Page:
The group of adults and children from refugee camps in Lebanon have been warned that they will be returned to Beirut because they have not chosen to claim asylum in Cyprus.
Five men and one woman have since claimed asylum and have been transferred to the Cypriot authorities — the remaining 109 are staying in an a camp surrounded by barbed wire which has been described by some refugees as being like "Guantanamo Bay" in Cuba.
But the message from the British government is clear. If they don't claim asylum in Cyprus — they will be forcibly deported back to Lebanon, triggering the threat of a hunger strike among some migrants in the camp.
According to a government source, Britain was being "firm but fair". Speaking to London newspaper The Times, the source said:
"We've been clear throughout that they can all claim asylum in Cyprus. But where some want to hold out for another European Union country, we have to resist that. Otherwise we are just building a bridge and encouraging others to risk their lives on a very dangerous journey."
Spokeswoman for the base Connie Pierce told the Cyprus Mail: "We have been clear with the migrants on the options open to them and they have also had advice from the UNHCR.
"The UK government will not allow a new migrant route to open to the UK."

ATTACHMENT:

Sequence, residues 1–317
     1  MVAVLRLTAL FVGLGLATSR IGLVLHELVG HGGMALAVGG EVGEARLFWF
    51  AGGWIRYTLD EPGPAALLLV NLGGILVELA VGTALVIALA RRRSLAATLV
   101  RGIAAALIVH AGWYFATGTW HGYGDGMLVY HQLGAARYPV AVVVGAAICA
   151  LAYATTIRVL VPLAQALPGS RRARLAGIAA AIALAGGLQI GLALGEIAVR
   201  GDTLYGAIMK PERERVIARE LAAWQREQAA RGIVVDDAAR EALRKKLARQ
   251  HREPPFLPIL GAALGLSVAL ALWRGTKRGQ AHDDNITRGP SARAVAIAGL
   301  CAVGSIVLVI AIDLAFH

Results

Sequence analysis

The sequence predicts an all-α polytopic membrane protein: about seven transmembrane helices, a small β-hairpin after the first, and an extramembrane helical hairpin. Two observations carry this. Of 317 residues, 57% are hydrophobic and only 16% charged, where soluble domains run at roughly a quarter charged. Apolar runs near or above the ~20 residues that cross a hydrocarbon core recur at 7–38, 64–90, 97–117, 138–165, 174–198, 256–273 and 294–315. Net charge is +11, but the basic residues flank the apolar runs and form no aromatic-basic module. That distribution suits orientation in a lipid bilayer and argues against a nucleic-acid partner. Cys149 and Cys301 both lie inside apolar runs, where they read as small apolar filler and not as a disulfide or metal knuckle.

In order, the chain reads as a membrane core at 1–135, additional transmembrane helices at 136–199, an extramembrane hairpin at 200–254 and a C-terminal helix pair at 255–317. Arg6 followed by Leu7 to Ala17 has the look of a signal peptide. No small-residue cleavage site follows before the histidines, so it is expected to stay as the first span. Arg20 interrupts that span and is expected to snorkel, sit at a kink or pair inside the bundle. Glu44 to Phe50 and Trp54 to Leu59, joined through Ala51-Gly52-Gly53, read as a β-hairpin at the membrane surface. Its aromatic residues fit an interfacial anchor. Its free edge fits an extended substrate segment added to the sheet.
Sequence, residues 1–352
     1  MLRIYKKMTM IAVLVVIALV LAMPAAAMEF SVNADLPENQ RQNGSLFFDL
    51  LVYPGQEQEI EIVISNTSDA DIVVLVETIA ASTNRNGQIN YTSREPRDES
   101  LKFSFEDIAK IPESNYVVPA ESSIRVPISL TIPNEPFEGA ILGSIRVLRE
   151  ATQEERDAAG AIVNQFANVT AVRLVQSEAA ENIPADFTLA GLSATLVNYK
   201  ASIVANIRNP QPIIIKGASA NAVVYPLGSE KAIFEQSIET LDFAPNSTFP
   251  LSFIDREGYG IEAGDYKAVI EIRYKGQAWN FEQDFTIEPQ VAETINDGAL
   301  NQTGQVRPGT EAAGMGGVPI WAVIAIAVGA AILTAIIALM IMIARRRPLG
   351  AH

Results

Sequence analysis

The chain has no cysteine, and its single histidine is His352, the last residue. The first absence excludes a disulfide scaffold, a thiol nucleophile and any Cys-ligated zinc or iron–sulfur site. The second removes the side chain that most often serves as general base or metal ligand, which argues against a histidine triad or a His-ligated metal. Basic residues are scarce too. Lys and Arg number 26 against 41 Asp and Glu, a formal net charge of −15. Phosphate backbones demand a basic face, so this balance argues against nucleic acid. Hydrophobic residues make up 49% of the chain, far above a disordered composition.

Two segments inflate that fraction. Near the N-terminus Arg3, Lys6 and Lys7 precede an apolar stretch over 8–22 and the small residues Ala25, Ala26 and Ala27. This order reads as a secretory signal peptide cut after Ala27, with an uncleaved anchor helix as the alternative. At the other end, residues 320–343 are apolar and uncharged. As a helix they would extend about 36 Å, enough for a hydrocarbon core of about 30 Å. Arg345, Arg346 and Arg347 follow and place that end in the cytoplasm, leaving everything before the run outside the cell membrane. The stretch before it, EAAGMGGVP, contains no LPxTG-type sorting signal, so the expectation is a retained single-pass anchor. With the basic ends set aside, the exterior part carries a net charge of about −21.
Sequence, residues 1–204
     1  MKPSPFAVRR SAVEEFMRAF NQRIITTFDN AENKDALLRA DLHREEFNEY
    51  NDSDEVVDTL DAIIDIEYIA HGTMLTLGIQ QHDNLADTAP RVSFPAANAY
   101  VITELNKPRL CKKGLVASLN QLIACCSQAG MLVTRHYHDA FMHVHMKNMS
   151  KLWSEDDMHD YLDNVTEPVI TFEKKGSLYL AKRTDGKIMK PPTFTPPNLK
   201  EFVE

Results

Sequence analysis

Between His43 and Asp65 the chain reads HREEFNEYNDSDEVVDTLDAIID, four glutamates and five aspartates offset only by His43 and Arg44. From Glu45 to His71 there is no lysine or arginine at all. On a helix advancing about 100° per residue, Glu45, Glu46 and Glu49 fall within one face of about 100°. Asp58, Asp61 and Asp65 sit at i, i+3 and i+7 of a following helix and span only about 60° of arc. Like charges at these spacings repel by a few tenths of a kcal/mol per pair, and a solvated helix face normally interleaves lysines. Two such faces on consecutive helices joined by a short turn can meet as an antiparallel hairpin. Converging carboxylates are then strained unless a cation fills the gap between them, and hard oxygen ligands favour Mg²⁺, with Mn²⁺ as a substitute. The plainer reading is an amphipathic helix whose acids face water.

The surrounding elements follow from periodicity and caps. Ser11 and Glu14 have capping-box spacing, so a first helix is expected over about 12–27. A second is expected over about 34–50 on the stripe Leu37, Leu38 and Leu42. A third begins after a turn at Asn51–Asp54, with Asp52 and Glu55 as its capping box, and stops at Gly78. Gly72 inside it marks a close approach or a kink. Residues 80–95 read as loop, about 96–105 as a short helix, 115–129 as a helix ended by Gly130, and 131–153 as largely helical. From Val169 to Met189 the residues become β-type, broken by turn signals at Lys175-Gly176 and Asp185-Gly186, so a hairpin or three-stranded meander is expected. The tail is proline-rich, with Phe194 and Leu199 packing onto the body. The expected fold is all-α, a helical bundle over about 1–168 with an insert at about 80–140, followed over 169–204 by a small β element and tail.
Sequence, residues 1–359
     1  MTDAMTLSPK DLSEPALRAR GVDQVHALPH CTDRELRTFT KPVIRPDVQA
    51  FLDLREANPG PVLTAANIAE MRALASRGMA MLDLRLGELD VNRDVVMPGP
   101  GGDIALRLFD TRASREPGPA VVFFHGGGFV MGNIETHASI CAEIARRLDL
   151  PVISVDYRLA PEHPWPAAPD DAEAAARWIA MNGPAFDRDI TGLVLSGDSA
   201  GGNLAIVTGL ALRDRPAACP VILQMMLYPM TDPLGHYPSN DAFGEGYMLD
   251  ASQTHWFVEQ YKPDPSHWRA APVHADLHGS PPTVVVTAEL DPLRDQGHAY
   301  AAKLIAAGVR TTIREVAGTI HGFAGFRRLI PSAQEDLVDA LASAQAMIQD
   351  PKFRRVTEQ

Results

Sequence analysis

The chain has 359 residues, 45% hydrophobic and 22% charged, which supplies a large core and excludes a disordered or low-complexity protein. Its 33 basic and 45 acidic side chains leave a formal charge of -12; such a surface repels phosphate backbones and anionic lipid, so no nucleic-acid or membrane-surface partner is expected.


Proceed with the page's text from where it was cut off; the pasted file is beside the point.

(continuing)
Meanwhile, the asylum seekers have vowed to fight deportation. "We are going to fight this decision. We are not going to Lebanon. Let them do it by force", Ibrahim Marouf told the Cyprus Mail.
"We thought England would see us as humans not as Muslims or Arabs."
Marouf told the reporter that he boarded the boat in search of a better life in the hope to reach Belgium and join his siblings.
Spoke to migrants on Dhekelia. Lots of frustration: want Britain to take them in, if not another European country — but not Cyprus— Michael Theodoulou (@MichaelTheodoul) November 3, 2015
"If not [the] UK, at least Germany, Netherlands or Switzerland," he says are countries that offer a "decent and peaceful life." Marouf claims that if he is sent back to Lebanon he will be "slaughtered in the civil war no one knows about."
Britain claims the refugees are under the care of the Cypriot authorities — but the United Nations High Commissioner for Refugees and Cypriot government officials says the agreement stipulates that they are the UK's responsibility but granted access to services in Cyprus at the British government's cost.
280K refugees come to Lesbos. EU struggles to cope but do try. 140 arrive on UK soil in Cyprus and we can't treat even them decently. Shame!— Paddy Ashdown (@paddyashdown) November 3, 2015
The remaining refugees on the island have been given a week to set out their case of choosing not to claim asylum there. "I will consider any representations made by you and will then decide whether to make a deportation order," Philip Rushbrook, a senior official wrote in the "intention to deport" document.
Much talk of migrants in Cyprus and Calais in media. Both safe countries so they should claim asylum there. https://t.co/O6lHgRW6RZ— migrationwatch (@migrationwatch) November 5, 2015
The situation for the asylum seekers staying on what some of the group has described as "Britain's Guantanamo" in Cyprus has allowed the British government the opportunity to spread their message that the UK will not be seen as being a "soft touch" on immigration amid the refugee crisis gripping Europe.